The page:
"She said I should consider that the essential thing is the salvation of souls, and the conversion of sinners. In this sense, she said, I needed to think of the word 'Russia' as in some way standing for the entire world, and the reference to the 'conversion' as a reference to the conversion of sinners."


The archbishop told me he was somewhat concerned about the legal status in Russia of his successor, Archbishop Paolo Pezzi, who was installed as the new Catholic archbishop of Moscow on October 27.

"It is really not the fault of the Russian government," he said. "In this case, I will defend the Russian government. It is because of a European Union policy on visas, which requires that foreigners with 1-year visas spend only 90 days in a row in a country, and only 180 days out of a year. And Russia last month agreed to reciprocate this European Union policy. This means that now Catholic priests and nuns in Russia on a visitor's visa can only stay for 90 days before leaving the country, and only for 180 days out of a year. And Archbishop Pezzi, who is an Italian citizen, and is here on a 1-year visa, faces this problem.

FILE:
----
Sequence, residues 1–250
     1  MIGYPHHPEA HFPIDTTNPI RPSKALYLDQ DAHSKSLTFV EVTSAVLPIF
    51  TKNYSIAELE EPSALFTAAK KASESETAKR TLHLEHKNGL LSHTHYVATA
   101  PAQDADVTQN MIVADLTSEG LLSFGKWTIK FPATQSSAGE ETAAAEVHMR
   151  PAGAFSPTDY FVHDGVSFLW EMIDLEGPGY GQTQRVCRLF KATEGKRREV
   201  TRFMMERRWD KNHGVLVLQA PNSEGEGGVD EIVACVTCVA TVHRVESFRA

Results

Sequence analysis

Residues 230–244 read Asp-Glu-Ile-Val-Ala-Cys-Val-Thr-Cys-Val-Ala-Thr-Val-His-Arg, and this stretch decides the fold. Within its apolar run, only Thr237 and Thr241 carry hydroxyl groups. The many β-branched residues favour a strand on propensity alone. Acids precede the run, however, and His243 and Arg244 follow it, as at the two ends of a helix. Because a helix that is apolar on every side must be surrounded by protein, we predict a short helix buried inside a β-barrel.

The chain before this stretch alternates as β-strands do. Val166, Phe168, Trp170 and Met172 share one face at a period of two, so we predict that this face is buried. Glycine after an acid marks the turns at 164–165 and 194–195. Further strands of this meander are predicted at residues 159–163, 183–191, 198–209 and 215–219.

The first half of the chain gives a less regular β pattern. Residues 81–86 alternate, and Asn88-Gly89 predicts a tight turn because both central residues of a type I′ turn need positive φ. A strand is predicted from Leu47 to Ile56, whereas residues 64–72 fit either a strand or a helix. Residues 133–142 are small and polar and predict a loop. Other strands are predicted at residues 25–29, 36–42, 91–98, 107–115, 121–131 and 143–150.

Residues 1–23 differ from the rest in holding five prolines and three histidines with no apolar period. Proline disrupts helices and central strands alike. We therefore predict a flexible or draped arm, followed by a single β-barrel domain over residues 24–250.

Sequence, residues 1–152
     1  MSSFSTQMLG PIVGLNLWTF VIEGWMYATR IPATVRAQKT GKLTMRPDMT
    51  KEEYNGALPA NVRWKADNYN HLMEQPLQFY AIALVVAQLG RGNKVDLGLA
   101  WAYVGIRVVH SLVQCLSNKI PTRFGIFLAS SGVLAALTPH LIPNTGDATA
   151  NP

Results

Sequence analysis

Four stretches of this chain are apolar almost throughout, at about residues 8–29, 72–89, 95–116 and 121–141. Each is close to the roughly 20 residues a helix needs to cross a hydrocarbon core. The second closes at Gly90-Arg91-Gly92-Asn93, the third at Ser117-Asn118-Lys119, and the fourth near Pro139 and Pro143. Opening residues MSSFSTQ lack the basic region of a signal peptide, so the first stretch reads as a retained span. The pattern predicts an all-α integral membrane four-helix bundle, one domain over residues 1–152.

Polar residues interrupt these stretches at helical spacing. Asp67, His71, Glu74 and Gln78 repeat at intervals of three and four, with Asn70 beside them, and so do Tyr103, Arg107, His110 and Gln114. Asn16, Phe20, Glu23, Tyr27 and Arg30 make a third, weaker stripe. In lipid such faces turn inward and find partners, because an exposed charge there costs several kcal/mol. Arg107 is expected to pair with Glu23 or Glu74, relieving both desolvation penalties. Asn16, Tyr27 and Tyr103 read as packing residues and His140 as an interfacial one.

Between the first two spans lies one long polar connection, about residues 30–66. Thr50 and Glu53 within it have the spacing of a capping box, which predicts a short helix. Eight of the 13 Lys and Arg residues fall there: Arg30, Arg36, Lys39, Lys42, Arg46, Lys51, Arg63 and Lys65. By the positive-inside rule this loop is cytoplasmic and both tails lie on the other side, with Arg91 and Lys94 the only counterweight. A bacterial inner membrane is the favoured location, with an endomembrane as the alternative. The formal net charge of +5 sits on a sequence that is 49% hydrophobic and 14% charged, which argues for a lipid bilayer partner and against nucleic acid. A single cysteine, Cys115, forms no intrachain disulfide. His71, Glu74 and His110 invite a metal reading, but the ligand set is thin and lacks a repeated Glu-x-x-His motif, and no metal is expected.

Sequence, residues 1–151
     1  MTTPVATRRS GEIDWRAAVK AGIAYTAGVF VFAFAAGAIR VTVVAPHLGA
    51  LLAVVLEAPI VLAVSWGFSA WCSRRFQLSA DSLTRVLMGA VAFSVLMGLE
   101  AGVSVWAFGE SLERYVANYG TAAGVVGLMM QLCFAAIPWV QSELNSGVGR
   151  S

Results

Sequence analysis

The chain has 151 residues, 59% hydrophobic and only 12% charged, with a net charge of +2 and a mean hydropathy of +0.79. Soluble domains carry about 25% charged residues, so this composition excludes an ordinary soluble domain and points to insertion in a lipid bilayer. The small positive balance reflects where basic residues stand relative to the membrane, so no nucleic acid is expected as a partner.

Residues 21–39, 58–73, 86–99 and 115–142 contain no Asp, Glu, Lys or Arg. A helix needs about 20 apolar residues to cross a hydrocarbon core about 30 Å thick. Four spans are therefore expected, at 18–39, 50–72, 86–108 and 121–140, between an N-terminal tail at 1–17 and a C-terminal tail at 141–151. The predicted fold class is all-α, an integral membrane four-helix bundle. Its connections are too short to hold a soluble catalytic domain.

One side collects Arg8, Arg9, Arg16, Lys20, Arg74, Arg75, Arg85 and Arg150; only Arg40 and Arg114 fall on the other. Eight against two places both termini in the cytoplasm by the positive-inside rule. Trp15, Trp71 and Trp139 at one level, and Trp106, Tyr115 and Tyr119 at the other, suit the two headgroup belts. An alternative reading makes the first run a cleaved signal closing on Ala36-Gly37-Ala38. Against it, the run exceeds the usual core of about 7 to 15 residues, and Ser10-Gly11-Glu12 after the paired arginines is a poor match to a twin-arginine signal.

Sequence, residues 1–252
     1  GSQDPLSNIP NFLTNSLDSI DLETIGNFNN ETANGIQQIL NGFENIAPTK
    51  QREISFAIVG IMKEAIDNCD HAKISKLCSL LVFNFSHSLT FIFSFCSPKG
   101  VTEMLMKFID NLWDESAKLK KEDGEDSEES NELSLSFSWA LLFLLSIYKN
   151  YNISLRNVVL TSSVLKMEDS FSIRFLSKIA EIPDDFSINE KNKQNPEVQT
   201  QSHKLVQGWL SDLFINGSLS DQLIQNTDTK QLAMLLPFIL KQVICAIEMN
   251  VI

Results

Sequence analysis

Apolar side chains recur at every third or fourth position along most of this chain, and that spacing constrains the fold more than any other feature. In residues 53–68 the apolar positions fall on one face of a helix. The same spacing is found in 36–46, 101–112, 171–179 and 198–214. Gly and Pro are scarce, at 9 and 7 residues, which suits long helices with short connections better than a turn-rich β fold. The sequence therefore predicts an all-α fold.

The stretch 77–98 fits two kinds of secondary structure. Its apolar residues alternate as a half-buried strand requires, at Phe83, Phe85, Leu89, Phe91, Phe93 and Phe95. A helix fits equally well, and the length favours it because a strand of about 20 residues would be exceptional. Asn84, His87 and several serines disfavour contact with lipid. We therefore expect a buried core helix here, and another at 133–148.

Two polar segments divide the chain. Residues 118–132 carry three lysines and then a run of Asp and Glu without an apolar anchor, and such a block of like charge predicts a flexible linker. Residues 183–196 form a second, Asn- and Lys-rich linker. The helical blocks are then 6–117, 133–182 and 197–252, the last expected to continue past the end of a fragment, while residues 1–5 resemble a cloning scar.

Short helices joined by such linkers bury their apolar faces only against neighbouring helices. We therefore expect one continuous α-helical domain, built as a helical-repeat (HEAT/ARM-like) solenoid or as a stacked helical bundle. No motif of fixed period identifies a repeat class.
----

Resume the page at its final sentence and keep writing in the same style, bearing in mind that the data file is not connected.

"Each time a religious group in Russia changes its leader, the change must be reported to the Russian government," Kondrusiewicz continued. "The report must be made within three days of the change. So it will be made either tomorrow or Wednesday.

"But then the government must accept the report," he continued. "And the current legislation requires that only a citizen of Russia, or a permanent resident, can be the leader of a religious group in Russia. This suggests that, under the current legislation, the report of the change in our leadership will not be accepted.

"Fortunately, I've just signed all the papers the diocese must file each quarter, so Archbishop Pezzi will not have to sign any important papers until the end of December," Kondrusiewicz said. "Hopefully, even if the problem is not resolved immediately, it will be resolved before then."

I was startled.

"Are you telling me that Archbishop Pezzi may not be able to be confirmed officially this week by the Russian government as the leader of the Catholic Church in Russia?" I asked.

"I don't know," Kondrusiewicz said. "Perhaps the nuncio, Archbishop (Antonio) Mennini, has already worked this problem out with the authorities. His role is to handle this type of diplomatic matter."

"But have you had a conversation about this problem with Archbishop Mennini?"

"I raised the entire matter as soon as I was informed of the Pope's decision to replace me," Kondrusiewicz said. "That was just four weeks ago. It has all happened so fast."

"But Archbishop Mennini has not advised you that this matter will not be a problem, that he has already worked out something with the Russian government?"